Re: STC Certification - What Does It Really Mean

Subject: Re: STC Certification - What Does It Really Mean
From: Bill Swallow <techcommdood -at- gmail -dot- com>
To: William Sherman <bsherman77 -at- embarqmail -dot- com>
Date: Thu, 3 Nov 2011 11:15:51 -0400

Answering as factually as possible based on what I know frmo their
articles of incorporation, bylaws, tax status, and history. (I've been
involved in a lot.) Anything I answer as opinion will be labeled as
such.

> 1. STC is claiming to be THE body to sanction the skill and quality of a
> technical writer as the primary organization of writers. However, how many
> do they represent? I have searched the website and cannot find a membership
> number. Do they represent 500 of us, 5000 of us, or 50,000 of us? And what
> percentage of the technical writers and communicators do they actually
> represent?

STC is a society for Technical Communication, not for its membership.
It would be in violation of its articles of incorporation, bylaws, and
tax status as an organization if it were a member-facing society. Yes,
it has members, but it's in the context of those who support the
Society's cause.

> If you are in some areas, this question is sacrilegious to even question
> STC. Some areas like the Bay Area have (had) an extremely strong and useful
> chapter. Others are virtually non-existent or exist only to take your dues.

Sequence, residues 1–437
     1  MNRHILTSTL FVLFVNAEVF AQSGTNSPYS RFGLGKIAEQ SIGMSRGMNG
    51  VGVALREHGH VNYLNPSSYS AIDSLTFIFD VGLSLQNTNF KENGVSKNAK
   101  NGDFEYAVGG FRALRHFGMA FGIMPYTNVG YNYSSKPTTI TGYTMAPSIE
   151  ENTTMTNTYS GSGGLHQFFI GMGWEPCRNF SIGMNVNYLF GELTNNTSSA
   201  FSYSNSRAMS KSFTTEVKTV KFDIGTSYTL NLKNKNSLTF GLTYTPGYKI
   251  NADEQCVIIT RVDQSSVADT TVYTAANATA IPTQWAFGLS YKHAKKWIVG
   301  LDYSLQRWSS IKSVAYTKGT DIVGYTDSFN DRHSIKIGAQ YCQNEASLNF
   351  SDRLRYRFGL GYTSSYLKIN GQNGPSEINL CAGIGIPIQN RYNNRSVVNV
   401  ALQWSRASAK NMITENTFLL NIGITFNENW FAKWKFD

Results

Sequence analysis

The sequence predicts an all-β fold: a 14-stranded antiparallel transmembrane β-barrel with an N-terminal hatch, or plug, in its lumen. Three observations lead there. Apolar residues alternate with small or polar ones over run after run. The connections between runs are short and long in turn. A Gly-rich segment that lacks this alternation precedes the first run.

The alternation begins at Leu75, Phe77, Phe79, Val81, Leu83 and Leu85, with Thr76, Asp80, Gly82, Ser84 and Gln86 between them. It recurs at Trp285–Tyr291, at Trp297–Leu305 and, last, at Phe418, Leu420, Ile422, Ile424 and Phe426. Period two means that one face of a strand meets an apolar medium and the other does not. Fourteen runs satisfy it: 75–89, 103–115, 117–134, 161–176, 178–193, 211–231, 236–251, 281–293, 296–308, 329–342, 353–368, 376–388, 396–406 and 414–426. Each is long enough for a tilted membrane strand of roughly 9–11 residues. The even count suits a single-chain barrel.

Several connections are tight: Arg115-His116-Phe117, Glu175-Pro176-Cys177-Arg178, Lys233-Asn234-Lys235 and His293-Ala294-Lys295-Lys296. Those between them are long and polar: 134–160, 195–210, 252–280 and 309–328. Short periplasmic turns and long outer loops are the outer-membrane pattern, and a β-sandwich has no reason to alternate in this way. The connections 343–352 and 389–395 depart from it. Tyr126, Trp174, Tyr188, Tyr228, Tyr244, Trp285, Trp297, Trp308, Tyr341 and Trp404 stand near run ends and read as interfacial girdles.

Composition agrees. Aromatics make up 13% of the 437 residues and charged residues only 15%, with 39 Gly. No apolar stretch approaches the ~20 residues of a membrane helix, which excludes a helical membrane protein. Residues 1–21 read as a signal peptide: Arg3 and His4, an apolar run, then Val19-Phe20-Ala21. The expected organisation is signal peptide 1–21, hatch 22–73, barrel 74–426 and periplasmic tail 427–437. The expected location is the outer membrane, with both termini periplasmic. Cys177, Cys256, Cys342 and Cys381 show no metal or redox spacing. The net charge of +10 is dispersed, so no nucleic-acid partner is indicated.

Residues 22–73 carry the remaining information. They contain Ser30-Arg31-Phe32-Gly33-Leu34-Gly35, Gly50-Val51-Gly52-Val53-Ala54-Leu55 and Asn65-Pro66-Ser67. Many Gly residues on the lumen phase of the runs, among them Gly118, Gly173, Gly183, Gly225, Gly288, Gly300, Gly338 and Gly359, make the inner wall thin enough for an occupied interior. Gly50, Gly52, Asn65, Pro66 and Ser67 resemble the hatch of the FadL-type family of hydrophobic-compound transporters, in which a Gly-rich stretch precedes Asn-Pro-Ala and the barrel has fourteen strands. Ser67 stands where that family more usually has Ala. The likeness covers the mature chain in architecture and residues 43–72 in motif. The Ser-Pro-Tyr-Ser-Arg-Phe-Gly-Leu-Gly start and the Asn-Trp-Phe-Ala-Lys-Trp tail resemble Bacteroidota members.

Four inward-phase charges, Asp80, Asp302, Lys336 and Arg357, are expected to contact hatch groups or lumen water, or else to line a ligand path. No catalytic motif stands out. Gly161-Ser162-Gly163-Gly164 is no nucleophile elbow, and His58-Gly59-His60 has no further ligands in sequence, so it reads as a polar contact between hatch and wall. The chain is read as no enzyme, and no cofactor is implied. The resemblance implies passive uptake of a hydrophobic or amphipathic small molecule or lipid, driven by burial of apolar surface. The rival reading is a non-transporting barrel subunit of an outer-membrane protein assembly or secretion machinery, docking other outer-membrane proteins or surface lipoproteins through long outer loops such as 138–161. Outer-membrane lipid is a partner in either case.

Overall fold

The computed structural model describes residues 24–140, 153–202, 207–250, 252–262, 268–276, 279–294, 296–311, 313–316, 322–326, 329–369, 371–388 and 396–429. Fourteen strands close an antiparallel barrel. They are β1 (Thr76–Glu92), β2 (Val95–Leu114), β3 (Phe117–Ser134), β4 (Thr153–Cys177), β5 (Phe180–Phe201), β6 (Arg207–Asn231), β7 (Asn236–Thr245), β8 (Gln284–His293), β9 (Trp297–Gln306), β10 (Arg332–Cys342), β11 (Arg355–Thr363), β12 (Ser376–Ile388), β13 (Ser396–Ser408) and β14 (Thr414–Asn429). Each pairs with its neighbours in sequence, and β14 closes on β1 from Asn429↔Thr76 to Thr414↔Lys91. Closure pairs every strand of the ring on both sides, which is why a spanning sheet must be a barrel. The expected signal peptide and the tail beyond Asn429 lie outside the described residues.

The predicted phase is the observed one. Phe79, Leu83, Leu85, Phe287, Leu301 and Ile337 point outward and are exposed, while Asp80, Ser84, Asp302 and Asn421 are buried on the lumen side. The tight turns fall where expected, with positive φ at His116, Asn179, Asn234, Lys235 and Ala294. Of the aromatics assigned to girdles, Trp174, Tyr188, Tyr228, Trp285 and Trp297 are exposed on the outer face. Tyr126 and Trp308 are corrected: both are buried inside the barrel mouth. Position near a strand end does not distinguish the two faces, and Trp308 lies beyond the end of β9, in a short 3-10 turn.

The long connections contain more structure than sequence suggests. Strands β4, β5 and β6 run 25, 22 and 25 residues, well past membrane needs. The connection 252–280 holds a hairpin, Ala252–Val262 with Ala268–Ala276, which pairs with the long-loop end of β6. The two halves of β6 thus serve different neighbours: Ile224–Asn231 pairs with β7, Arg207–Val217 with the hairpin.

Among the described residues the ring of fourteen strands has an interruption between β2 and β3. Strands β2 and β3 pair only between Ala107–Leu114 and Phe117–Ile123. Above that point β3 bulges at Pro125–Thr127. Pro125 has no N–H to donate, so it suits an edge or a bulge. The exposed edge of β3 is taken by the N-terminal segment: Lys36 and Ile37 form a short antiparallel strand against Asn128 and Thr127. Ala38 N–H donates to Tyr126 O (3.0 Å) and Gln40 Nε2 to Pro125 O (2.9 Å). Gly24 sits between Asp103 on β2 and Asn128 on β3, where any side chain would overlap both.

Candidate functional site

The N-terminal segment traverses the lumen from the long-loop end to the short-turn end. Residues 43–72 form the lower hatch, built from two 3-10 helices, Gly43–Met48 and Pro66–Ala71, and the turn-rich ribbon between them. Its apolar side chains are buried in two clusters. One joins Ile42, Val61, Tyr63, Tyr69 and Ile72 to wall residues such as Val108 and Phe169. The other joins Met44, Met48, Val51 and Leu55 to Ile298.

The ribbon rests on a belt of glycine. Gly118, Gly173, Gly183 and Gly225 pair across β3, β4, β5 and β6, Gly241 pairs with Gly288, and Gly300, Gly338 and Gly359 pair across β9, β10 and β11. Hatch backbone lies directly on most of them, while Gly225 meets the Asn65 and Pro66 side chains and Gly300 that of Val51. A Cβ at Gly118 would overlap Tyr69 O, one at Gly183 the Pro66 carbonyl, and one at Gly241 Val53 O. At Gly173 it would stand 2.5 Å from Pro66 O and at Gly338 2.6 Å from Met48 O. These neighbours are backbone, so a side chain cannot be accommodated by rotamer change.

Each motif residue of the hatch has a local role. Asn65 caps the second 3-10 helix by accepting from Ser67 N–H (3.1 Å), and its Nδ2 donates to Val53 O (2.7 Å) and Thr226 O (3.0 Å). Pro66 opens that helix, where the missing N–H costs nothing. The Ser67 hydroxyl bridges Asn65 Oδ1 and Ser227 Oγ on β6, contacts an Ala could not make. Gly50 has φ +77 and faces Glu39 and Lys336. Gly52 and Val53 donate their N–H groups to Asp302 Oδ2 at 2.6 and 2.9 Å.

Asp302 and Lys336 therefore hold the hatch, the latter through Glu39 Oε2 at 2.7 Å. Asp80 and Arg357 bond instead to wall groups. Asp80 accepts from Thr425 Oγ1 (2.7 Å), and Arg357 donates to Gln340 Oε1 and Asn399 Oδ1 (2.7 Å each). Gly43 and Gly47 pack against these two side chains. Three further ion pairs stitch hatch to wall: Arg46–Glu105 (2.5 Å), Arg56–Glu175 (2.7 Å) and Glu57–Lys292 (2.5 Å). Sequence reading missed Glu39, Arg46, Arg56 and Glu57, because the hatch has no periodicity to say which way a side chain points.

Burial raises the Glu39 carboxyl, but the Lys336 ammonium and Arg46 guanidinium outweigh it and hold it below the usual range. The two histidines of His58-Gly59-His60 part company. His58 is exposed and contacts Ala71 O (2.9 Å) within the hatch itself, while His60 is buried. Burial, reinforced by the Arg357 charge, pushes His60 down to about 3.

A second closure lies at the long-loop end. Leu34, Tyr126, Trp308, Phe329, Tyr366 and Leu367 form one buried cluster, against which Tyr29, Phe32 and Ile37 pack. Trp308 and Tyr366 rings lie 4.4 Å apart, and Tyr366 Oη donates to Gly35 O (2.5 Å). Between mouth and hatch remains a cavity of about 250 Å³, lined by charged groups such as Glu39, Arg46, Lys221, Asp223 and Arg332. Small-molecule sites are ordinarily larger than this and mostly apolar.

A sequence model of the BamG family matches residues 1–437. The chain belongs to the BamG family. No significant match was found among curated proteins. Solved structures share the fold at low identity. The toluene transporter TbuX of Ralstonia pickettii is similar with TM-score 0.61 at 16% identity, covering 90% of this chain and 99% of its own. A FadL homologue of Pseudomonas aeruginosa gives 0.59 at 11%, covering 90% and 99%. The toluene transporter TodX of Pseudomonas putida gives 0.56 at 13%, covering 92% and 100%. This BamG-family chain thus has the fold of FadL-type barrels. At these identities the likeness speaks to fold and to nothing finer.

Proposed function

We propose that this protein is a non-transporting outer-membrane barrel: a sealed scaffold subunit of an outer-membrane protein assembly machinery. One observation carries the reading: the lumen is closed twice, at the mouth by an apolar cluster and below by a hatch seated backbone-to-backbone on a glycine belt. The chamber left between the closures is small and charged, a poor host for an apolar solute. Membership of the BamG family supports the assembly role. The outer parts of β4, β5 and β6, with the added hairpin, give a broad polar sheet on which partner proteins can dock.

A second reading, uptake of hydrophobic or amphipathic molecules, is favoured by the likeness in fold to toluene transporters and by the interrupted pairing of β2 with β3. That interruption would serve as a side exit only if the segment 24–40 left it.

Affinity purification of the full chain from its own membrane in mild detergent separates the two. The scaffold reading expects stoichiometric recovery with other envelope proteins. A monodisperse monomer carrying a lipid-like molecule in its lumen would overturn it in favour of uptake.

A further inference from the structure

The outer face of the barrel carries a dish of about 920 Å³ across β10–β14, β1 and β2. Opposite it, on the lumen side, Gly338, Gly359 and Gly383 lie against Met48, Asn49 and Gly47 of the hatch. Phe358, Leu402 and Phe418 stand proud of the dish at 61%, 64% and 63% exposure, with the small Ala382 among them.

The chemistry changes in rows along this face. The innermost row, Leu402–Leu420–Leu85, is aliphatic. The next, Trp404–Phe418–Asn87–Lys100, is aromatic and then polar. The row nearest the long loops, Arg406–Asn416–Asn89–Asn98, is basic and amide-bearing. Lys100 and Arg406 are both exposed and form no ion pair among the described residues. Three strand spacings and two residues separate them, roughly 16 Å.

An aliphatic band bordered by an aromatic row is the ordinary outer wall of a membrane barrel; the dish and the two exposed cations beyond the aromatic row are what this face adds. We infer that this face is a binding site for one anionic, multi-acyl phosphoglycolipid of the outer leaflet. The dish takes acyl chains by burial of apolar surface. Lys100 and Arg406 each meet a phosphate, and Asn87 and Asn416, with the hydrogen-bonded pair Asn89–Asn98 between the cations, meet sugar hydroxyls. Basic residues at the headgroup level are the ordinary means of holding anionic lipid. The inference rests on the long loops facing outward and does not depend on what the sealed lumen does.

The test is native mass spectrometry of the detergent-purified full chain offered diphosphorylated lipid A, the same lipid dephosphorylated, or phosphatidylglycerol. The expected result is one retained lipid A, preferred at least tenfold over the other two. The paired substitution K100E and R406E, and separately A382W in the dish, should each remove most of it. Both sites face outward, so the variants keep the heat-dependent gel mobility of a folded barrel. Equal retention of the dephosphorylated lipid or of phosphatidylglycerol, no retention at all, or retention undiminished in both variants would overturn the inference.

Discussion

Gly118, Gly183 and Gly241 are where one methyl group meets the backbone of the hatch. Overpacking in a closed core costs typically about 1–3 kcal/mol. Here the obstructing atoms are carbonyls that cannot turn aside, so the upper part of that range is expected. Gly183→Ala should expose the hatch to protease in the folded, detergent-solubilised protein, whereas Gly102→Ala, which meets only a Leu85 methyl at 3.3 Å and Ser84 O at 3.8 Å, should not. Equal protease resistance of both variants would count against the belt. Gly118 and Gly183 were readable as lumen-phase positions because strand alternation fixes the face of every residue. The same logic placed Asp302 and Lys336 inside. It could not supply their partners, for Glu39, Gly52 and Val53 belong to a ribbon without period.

> Don't let the fact you have a good or bad one color where STC really stands
> in respect to the industry of technical writers. Find out.

The chapter landscape is ever-changing as well. Many of the virtually
non-existent chapters have since merged with thriving ones.

> Do you want a group that may represent 1% to determine the rules for the
> other 99% getting a job?  Maybe my McDonnell Douglas Technical Data
> Engineering Certificate actually carries more weight.

Opinion: I'm not camping out. ;)

> 2. Read all the fine lines and you see it is a club. It is no different than
> the National Ferrari Owners Club, the National White Poodles Breeders Club,
> or a host of others. It is a professional club but it is still a club none
> the less. Until the club is recognized by other significant organizations,
> what weight does it really have? I could start the North American Technical
> Writers Association Society and begin a certification program. If I give
> away donuts at the meetings, I might get more active members than many STC
> chapters.  Add some frozen yogurt and I bet I do.

Very true. STC's evolving though. They are building a Body of
Knowledge and taking other steps to strengthen its presence.

> 3. There are lots of awards for club members. In many ways, they are like
> Emmy or Oscar, the club patting its members on the back. Do these awards
> mean anything outside of the organization? I have never in my life ever had
> anyone in business ever say "Oh, we are lucky to have John Doe, because he